News From Terre Haute, Indiana

January 19, 2012

Indiana House votes for $1,000 fines for missing members

Only 5 democrats present Wednesday

Maureen Hayden

INDIANAPOLIS — When Indiana House Democrats fled the state last year to stall action on a contentious labor bill, Republicans waited two weeks before docking the missing members’ expense checks.

This time around, they’re not so patient.

On Wednesday, after all but five House Democrats went AWOL for the sixth time in three weeks,   Republicans voted to hit each of the missing members with a $1,000-a-day fine.

That’s four times the initial fine that House Democrats faced last year during their five-week walkout.

But it matches the penalty carried by an anti-bolting law – prompted by last year’s walkout – that had yet to kick into effect Wednesday.

House Democrat leaders vowed to go to court to halt the new fines, which arise from a bitter battle over a  right-to-work bill that would outlaw mandatory union dues for private-sector workers.

A pending court case challenges the state’s ability to seize fines from lawmakers’ paychecks.

The fines, if they do stick, could add up fast. Indiana legislators earn a base salary of $22,000 a year plus a weekly per diem expense check of just over $1,000.

Not all House Democrats face the fines. Five House Democrats have broken with their ranks and have almost consistently showed up on the House floor for the session.

They include Rep. Dale Grubb from Covington, who was pushed out his role as a Democrat caucus leader when he sought to negotiate a compromise with the GOP-backers of the right-to-work bill.

Grubb likened his decision to show up for Wednesday’s quorum call to his childhood growing up on a pig farm.

“It’s comes from a sense of duty,” Grubb said. “It’s like when the sows are farrowing at 2:30 a.m. on a February morning when it was 11 degrees outside. It’s your job to be out there with them.”  

Like Grubb, Democrat Rep. Steve Stemler of Jeffersonville said he opposes the right-to-work bill, but can’t support the boycott.

“We were expected to be here by 9 a.m. this morning,” Stemler said Wednesday. “And it’s my responsibility to be here.”

Joining him on the House floor Wednesday were Democrat Reps. Peggy Welch of Bloomington, Dave Cheatham of North Vernon and Ed Delaney of Indianapolis.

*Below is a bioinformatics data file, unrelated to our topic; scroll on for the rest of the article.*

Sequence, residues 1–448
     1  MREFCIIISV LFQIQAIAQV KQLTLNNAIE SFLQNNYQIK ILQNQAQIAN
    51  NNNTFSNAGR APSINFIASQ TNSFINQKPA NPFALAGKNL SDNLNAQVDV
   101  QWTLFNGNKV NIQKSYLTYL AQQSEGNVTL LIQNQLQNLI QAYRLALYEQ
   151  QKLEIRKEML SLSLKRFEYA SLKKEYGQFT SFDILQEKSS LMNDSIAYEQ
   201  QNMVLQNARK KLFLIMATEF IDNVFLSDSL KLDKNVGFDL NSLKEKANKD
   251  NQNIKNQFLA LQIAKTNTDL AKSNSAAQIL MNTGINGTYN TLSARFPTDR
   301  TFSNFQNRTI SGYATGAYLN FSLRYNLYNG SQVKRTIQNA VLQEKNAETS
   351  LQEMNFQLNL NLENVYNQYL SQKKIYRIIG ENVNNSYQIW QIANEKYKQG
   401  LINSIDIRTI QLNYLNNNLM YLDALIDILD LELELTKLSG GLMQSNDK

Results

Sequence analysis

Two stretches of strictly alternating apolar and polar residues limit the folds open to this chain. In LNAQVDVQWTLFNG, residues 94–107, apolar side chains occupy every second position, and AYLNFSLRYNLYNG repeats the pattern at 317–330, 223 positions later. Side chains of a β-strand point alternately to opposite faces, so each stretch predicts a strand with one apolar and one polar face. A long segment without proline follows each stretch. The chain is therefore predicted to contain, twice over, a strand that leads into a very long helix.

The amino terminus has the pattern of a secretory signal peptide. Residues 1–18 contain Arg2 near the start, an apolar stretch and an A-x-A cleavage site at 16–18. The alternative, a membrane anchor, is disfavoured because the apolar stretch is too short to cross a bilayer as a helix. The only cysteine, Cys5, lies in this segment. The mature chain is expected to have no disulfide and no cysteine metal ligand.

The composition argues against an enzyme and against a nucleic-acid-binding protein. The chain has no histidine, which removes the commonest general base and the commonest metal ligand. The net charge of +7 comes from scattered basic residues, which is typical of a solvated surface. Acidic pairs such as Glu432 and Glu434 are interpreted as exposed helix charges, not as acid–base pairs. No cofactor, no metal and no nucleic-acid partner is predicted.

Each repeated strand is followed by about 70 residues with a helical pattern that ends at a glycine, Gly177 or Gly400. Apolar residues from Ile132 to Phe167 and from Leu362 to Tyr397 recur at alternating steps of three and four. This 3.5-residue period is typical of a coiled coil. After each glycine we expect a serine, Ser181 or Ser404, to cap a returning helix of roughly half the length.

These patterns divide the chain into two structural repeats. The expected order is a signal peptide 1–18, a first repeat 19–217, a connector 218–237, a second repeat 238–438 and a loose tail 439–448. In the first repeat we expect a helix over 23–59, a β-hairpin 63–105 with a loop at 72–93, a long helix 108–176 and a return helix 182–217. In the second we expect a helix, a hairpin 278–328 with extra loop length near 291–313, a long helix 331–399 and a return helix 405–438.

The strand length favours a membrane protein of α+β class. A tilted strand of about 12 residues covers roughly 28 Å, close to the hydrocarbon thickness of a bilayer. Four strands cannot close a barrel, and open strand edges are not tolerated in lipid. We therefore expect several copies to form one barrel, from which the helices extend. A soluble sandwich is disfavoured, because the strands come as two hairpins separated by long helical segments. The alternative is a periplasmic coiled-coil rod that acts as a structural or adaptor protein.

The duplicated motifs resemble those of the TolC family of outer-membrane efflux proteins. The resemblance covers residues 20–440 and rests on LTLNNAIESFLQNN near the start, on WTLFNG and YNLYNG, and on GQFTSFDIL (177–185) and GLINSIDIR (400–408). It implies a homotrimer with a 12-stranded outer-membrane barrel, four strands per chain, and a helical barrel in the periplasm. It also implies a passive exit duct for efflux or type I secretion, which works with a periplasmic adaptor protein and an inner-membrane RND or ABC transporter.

Delaney said the stalemate and the resulting fines were  “caused by a bipartisan failure of leadership.”

Delaney blamed Minority Leader Patrick Bauer for failing to come up with a reasoned response to Bosma’s insistence that the right-to-work bill be the No. 1 legislative priority.

“It’s been all about games …,” Delaney said. “It shows the weakness of our legislature as an institution.”

But House Democrats who decided to stay out blame the Republicans who control the Statehouse.

Rep. Terri Austin of Anderson said GOP leaders “time and time again” have tried to silence the minority and shut down public debate on the right-to-work bill.

“This issue deserves the highest level of transparency, not shoved through the legislative process to demonstrate political power,” Austin said.    

The fines were imposed under long-existing House rules that allow the House Speaker to levy penalties on members who intentionally fail to show up.  

After House Democrats walked out last year and camped out in Illinois for five weeks to kill several bills, including a right-to-work bill, they were fined $250 a day.

The fine went up to $350 day in the third week of the walkout.

They ended up paying $120,000 in fines, with money taken out of their weekly expense checks.

After the walkout, the GOP-controlled legislature passed an anti-bolting law that imposes $1,000-a-day fines for lawmakers who intentionally stay out for three days in a row.

Maureen Hayden is the Indiana Statehouse bureau chief for CNHI, the parent company of the Tribune-Star. She can be reached at